A few weeks ago, I sat down next to an eighth grade boy. Wanting to engage him in conversation, I asked, “How's school?”
I got a typical junior high boy answer: “Good.”
So I asked him a follow-up question. “What's been good about it?”
To which he shrugged and said, “I don't know.”
Rather than get frustrated, I switched tactics. “What's been the worst part of school so far?”
Suddenly, this boy got animated. He proceeded to describe a class he hated and the reasons behind his distaste for it.
As a veteran youth worker, I like to think that I know how to engage youth in conversation – even the silent ones. And to some extent, I do.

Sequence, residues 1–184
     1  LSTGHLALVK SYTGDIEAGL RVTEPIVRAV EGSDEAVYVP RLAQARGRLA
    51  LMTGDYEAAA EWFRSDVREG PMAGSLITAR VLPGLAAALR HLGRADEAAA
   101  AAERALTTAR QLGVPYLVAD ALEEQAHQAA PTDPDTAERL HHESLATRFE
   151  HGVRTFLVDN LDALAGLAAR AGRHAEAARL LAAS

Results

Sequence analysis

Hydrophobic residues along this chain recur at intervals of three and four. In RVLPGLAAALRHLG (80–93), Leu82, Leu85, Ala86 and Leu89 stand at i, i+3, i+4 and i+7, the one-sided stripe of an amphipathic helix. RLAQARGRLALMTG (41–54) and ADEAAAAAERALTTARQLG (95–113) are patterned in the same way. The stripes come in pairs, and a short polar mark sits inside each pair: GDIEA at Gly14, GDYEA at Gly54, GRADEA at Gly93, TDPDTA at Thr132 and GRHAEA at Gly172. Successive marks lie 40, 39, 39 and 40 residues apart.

Yet, the reality is that a good conversation with a student – especially junior high boys – usually only happens after a great deal of persistence.
I persist because I know that eventually, I can get someone talking.
But what about new adult leaders? Will they persist through the awkwardness of a conversation in order to get to the good stuff?
Too often, adult leaders have only the first half of my conversation with a student. They ask several questions that elicit one-word responses or even worse, a shoulder shrug. Eventually, they get frustrated and find a way to exit the conversation, often concluding that a teen has no interest in talking to them.
Nothing could be further from the truth.